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A big advertising agency is working on a blockchain-based plan to let walled gardens like Facebook share data with marketers

A big advertising agency is working on a blockchain-based plan to let walled gardens like Facebook share data with marketers

Advertisers want the walled gardens to come down so that they can better measure how many consumers see their ads, and a top exec from Omnicom Media Group has an idea of how it could work.

Jonathan Steuer, chief research officer at Omnicom Media Group, suggested during an Advertising Week panel that blockchain-like technology could help advertisers solve reach and frequency problems that happen when consumers are bombarded by too many ads.

Back in January, Facebook's VP of marketing science, Brad Smallwood, suggested that a data-sharing program could use a Nielsen product to measure audiences across platforms.

Read more: Facebook has a plan to solve advertisers' lingering measurement concerns — but Google is already a step ahead

Steuer said that he's been working on his idea for six to nine months. He called the tool a depository and said that blockchain-like technology would power it. To avoid privacy concerns from the platforms, the tool would use multiple databases and allow advertisers to create a standard framework for aggregating and measuring TV and digital data.

"No one ends up with keys to the whole kingdom, but through the use of strong cryptography through the whole process, we can simply run a report of reach and duplication of every campaign," he said.

Steuer's proposed tool would help prevent advertisers from showing consumers the same ad repeatedly. He also said it would allow advertisers to look at aggregate household-level data.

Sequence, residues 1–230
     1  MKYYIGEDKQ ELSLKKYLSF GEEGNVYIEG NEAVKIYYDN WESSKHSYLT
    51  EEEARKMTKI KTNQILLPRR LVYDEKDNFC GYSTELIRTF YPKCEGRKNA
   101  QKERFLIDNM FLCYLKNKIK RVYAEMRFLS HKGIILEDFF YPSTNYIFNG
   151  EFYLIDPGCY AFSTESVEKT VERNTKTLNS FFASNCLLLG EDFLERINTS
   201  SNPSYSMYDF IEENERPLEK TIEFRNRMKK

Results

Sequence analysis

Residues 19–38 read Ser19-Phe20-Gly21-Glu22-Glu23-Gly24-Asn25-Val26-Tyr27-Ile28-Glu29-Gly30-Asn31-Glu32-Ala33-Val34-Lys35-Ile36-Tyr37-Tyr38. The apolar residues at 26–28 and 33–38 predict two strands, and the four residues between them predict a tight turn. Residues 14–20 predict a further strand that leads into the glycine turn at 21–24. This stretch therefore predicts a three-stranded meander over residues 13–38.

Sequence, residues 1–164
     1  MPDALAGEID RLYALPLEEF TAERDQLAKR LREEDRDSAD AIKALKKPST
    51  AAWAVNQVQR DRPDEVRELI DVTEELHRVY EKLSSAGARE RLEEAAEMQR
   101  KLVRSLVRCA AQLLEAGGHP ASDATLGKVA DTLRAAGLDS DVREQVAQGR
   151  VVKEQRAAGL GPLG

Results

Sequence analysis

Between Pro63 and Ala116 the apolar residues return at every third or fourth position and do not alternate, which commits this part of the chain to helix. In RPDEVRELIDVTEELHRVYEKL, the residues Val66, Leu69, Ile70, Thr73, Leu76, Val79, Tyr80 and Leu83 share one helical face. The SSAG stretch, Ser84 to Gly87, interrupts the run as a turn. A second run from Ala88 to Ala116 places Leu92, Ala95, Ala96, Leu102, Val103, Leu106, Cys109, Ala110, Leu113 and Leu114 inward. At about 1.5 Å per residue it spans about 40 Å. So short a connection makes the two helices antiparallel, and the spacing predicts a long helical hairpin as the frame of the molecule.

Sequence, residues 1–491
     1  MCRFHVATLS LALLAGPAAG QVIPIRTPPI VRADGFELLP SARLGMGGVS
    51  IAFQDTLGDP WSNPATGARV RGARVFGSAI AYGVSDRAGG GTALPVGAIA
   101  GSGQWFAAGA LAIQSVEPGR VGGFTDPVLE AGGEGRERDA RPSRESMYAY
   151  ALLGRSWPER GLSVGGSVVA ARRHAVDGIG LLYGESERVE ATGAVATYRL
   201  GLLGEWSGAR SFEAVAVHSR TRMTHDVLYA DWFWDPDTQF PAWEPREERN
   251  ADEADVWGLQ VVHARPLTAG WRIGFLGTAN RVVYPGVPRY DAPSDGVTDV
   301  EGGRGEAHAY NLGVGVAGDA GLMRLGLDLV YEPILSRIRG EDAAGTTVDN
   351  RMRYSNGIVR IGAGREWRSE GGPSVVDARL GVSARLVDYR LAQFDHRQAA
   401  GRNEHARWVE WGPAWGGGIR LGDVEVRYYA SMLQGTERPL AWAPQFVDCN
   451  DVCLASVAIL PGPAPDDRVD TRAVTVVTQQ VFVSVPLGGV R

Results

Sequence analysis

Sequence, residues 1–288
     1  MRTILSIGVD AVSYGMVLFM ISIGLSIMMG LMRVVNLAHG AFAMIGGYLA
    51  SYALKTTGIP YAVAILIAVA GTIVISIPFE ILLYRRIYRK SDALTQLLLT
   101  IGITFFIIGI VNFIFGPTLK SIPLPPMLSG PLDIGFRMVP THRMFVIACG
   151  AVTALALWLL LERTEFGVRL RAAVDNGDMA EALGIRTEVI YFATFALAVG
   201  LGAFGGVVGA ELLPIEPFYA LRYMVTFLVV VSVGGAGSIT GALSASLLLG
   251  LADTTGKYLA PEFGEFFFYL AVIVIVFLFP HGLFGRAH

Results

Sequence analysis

Once the data is collected, Steuer said advertisers would be able to measure complex metrics like attribution that track if consumers took an action after seeing an ad.

One challenge with measuring attribution is that tech and research firms only measure a sliver of media, he said. A depository of aggregated data solves some of those challenges, he said.

"Brand-building is still important but it's really hard to count," he said. "If you only optimize towards very specific outcomes that are short-term, you might lose the forest from the trees."

Ed Gaffney, managing partner and director of implementation research and marketplace analytics at GroupM, said on the panel that the depository would theoretically solve broader issues in the ad industry like lowering ad load and serving more personalized ads to consumers.

"We think we're wasting a lot of client money," he said. "Everything we do starts with a client [giving us] a dollar — we have to be good stewards of that dollar. I think we're decent but we can be better."

Facebook needs wide buy-in from the advertising industry

Smallwood spoke on the panel about how Facebook is working with advertisers to measure reach and frequency outside of its platform.

"Looking at Facebook in a bucket is useful to understand our overall ROI, but if I want to run efficiently, I need to understand reach and frequency," he said.

He also reiterated that advertisers need to specify which measurements they need to track performance without violating people's privacy.

"There are lots of ideas from a technology perspective," he said. "But the only way it works is if we agree on the use cases that we want to enable and a consistent framework for how we do it. That happens by having an advertiser-led coalition."